Maintenance of Social Anxiety in Stuttering: A Cognitive-Behavioral Model Purpose Stuttering is a speech disorder frequently accompanied by anxiety in social-evaluative situations. A growing body of research has confirmed a significant rate of social anxiety disorder among adults who stutter. Social anxiety disorder is a chronic and disabling anxiety disorder associated with substantial life impairment. Several influential models have ... Review Article
Newly Published
Review Article  |   March 23, 2017
Maintenance of Social Anxiety in Stuttering: A Cognitive-Behavioral Model
 
Author Affiliations & Notes
  • Lisa Iverach
    Centre for Emotional Health, Department of Psychology, Macquarie University, Sydney, Australia
    Australian Stuttering Research Centre, The University of Sydney
  • Ronald M. Rapee
    Centre for Emotional Health, Department of Psychology, Macquarie University, Sydney, Australia
  • Quincy J. J. Wong
    Centre for Emotional Health, Department of Psychology, Macquarie University, Sydney, Australia
  • Robyn Lowe
    Australian Stuttering Research Centre, The University of Sydney
  • Disclosure: The authors have declared that no competing interests existed at the time of publication.
    Disclosure: The authors have declared that no competing interests existed at the time of publication. ×
  • Correspondence to Lisa Iverach: lisa.iverach@sydney.edu.au
  • Editor: Krista Wilkinson
    Editor: Krista Wilkinson×
  • Associate Editor: Nancy Hall
    Associate Editor: Nancy Hall×
Article Information
Speech, Voice & Prosodic Disorders / Fluency Disorders / Attention, Memory & Executive Functions / Newly Published / Review Article
Review Article   |   March 23, 2017
Maintenance of Social Anxiety in Stuttering: A Cognitive-Behavioral Model
American Journal of Speech-Language Pathology, Newly Published. doi:10.1044/2016_AJSLP-16-0033
History: Received March 7, 2016 , Revised August 23, 2016 , Accepted October 7, 2016
 
American Journal of Speech-Language Pathology, Newly Published. doi:10.1044/2016_AJSLP-16-0033
History: Received March 7, 2016; Revised August 23, 2016; Accepted October 7, 2016

Purpose Stuttering is a speech disorder frequently accompanied by anxiety in social-evaluative situations. A growing body of research has confirmed a significant rate of social anxiety disorder among adults who stutter. Social anxiety disorder is a chronic and disabling anxiety disorder associated with substantial life impairment. Several influential models have described cognitive-behavioral factors that contribute to the maintenance of social anxiety in nonstuttering populations. The purpose of the present article is to apply these leading models to the experience of social anxiety for people who stutter.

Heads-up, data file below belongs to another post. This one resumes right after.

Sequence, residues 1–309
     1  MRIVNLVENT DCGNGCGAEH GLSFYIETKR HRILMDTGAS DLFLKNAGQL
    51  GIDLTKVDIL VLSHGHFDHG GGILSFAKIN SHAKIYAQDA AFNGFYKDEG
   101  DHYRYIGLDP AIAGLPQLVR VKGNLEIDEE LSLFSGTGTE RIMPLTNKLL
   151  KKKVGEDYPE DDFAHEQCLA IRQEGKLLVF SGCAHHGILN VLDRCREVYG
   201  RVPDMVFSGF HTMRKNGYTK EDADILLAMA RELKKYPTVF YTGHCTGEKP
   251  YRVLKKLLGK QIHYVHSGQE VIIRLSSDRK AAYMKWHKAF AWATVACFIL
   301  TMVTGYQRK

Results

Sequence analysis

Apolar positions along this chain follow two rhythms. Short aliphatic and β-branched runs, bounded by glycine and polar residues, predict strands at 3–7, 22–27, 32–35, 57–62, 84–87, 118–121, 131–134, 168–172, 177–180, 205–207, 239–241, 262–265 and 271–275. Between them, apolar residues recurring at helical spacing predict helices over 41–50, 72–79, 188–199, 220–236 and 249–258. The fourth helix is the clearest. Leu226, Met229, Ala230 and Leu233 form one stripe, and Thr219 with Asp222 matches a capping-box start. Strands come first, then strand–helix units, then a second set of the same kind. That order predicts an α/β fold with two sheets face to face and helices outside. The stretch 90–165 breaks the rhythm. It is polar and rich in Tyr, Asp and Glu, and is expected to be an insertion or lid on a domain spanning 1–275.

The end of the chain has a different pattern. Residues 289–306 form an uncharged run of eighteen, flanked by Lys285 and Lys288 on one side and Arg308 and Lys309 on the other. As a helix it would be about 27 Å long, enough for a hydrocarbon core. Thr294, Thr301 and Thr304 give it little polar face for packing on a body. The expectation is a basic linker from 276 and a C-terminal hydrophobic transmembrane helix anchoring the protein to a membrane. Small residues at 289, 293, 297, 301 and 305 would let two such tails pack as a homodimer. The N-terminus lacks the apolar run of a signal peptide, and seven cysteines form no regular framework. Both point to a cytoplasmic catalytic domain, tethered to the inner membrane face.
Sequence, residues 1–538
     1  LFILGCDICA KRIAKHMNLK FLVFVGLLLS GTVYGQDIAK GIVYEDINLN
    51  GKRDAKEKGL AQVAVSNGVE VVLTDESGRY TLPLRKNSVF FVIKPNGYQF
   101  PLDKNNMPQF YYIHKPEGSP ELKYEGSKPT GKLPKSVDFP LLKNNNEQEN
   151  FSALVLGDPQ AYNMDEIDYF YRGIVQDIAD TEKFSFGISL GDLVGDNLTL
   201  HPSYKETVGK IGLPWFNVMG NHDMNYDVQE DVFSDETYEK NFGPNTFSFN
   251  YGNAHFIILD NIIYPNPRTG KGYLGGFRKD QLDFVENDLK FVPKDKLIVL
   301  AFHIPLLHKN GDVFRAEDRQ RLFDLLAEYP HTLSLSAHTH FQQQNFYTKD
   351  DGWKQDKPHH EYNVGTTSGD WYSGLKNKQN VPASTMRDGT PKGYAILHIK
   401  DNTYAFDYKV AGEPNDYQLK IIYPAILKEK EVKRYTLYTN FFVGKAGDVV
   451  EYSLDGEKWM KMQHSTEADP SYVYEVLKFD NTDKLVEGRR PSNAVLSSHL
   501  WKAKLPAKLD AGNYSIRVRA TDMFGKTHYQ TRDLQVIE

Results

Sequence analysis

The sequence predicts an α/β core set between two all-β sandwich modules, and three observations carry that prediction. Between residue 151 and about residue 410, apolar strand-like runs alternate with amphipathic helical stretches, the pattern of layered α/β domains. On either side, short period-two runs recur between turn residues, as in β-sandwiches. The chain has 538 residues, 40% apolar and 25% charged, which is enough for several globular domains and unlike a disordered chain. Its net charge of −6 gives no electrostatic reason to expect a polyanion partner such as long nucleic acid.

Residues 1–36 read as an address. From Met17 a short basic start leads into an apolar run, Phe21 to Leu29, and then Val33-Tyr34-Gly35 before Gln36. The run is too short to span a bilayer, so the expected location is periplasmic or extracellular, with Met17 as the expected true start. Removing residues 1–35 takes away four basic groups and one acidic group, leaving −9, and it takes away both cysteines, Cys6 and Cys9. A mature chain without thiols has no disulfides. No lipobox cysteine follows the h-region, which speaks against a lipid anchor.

Method Components from existing models were applied to stuttering in order to determine cognitive-behavioral processes that occur before, during, and after social-evaluative situations, which may increase the likelihood of stuttering-related social fears persisting.

Results Maintenance of social anxiety in stuttering may be influenced by a host of interrelated factors, including fear of negative evaluation, negative social-evaluative cognitions, attentional biases, self-focused attention, safety behaviors, and anticipatory and postevent processing.

Conclusion Given the chronic nature of social anxiety disorder, identifying factors that contribute to the persistence of stuttering-related social fears has the potential to inform clinical practice and the development of psychological treatment programs to address the speech and psychological needs of people who stutter with social anxiety.

Acknowledgments
This article was supported by a grant (#1052216) awarded to the first author and grant (#633007) from the National Health and Medical Research Council of Australia.
Order a Subscription
Pay Per View
Entire American Journal of Speech-Language Pathology content & archive
24-hour access
This Article
24-hour access